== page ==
Monday, June 23, 2014

So Retro They’re Current

Echosmith, The Temples, 
Hamilton Leithauser

     Some of the recent bands sound like chestnuts of yesteryear, whether or not on purpose.  There’s pleasure in rehearing the sound of a favorite period or musical group in a new artist, though it begs the question of whether that artist can make the sound its own and whether they can maintain a long-term career in the mainstream.

Echosmith Siblings
      Echosmith is probably the least like an earlier sound in its instrumentation.  Formed by the Sierta siblings (Jamie, Sydney, Noah, and Graham) when were just out of the womb, Neil first heard them on WNKU being expounded as a band
we’d be talking about four months from now.  We saw them on one of Palladia channel’s new band specials and they pretty much left the other bands in the aural dust.  They wrote all their songs with their engineer Jeffery David on their album Talking Dreams, released last fall.

Sydney Sierta of Echosmith
     Front woman Sydney – she’s maybe sixteen? – possesses the focused, competent demeanor of Tina Weymouth.  She sings, plays keyboards, noodles around on other instruments, and never breaks a sweat.  Brothers Jamie on lead guitar and Noah on bass also switch off onto other instruments and, though it’s obvious their talent is prodigious, they are disarmingly matter-of-fact.  Youngest brother Graham (should he be out this late, I wondered.  Did he finish his Honors Algebra II homework?) sets the beat like a pro twice his age.  

     Echosmith played the Vans Warped Tour last year (who knew it would still be going) and will do so again this year.  They’re worth seeing and hearing because their pop/rock songs are all about being young, being together, and finding the courage to take off to parts unknown either geographically or emotionally.  They recall some wonderful pop-rock/new wave groups from the early 1980s like Quarterflash or The Human League, though they jangle like The Bangles.  Here’s hoping they succeed at being around a few years from now.

     Ben told me about the Temples when we were talking about top albums of the year so far.  He said they had a Beatles sound.  Noel Gallagher, songwriter and one of the wild siblings, of Oasis has publicly chastised Britain’s Radio One for not playing the Temples more.

    Ben was right about the band as new – they were only formed in late 2012 and just released Sun Structures this past winter – and their sound.  I’d venture to go more specific and say they sound like a doppelganger for The Beatles at the time they recorded Magical Mystery Tour (1967).

The Temples
     Lead singer James Bagshaw, who produced and wrote most of the songs, feels like he’s channeling John Lennon around the era of Rubber Soul (1965).  Actually, he could be his musical spiritual heir, more so than even his actual son Julian on Valotte (1984) because that production is of the 1980s.  The production of Sun Structures could have leapt out of England in 1967.  It’s not just like The Beatles; it’s also like The Kinks.  The cover and interior art look like something that Pink Floyd – before Syd Barrett’s drug induced schizophrenia – or The Rolling Stones – before Brian Jones drowned – would either have used or discarded as second best.  The songs are cool, but can they keep it going and if they do, are they much different from Sha-Na-Na in the late 1970s?  Are they nostalgic or “invented nostalgia”?  The ‘60s British bands were overcoming storm waves to venture into uncharted waters, though they relied on their anchors of the Blues, R & B, Skiffle, and the Music Hall if things got too out of hand with Psychodelic Pop or Progressive Rock.  As I’ve indicated, some members couldn’t make it.  When does a groove become a rut?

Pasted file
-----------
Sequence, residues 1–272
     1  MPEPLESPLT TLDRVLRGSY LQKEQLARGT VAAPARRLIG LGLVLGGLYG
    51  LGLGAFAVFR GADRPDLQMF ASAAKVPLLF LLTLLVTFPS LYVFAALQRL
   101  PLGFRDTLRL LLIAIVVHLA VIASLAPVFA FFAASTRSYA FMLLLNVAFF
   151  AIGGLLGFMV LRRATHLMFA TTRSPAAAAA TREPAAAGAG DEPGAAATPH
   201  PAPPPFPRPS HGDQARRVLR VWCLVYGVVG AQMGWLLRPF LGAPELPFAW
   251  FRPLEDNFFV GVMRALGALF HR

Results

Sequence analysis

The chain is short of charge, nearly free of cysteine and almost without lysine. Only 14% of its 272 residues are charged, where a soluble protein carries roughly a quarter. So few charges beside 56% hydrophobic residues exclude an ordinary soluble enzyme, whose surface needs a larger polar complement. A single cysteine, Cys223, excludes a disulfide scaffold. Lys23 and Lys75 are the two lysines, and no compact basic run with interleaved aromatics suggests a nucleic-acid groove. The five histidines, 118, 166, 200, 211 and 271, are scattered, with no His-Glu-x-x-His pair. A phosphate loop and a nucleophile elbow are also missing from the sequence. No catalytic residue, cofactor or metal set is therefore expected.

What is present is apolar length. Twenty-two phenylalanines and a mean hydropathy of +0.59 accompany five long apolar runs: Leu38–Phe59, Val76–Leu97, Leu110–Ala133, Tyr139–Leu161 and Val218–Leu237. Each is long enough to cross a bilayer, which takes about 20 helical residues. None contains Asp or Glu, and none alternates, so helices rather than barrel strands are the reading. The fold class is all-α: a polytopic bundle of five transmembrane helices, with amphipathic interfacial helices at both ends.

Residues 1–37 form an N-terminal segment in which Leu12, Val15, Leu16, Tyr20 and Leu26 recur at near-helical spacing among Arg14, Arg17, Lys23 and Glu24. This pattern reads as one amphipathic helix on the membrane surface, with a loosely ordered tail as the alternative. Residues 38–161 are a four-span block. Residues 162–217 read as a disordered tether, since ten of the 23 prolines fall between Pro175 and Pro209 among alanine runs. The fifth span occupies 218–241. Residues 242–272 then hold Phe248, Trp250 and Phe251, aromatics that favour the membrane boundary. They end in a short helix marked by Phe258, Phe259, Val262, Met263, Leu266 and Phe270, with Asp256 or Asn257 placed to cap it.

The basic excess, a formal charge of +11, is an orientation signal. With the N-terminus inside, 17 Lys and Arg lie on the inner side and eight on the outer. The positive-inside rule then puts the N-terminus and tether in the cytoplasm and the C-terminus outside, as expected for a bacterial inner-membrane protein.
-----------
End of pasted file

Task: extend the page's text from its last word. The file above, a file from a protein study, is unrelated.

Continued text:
While I looked through the stacks at Shake It Records a couple of weeks ago, Neil listened to some of the new albums and happened upon Hamilton Leithauser’s Black Hours (2014).  We hadn’t encountered Leithauser before, though he’s been the lead singer for The Walkmen for over a decade.
They broke up last year and he released Black Hours earlier this month.  

     His songs are about the search for love and despair over its possible outcomes.  The album is more of a song cycle – thematically a little like Beck’s Sea Change (2002) – that traces a trajectory of desire, heart-break, apathy, envy, and a final coming to terms with himself.  That new realization is more complex than it initially appears because Leithauser addresses both genders on this album and it’s not clear if they are friends, confidantes, or intimates.  

Hamilton Leithauser
     The Walkmen and Leithauser’s earlier band The Recoys preferred a vintage sound and were compared to The Troggs.  Going solo, Leithauser goes back to an almost pre-Mersey/California surf sound with something that could have come out of the twilight of the supper clubs of the 1950s and early 1960s.  Thankfully, he doesn’t ape Sinatra and The Rat Pack (he must have figured out that Michael Bublé has a lock on that – if only Justin Timberlake had understood that last year), but instead goes for a Del Shannon/Gene Pitney vibe.  His voice has a rasp that speaks greater volumes about experience and the production feels like Phil Spector’s Wall of Sound, rather than a lot of the smoother digitized sound of today.  The cover shot has a cool, B&W 1964 feel.  He could have just finished a set at The Hammersmith Odeon or The Peppermint Lounge.

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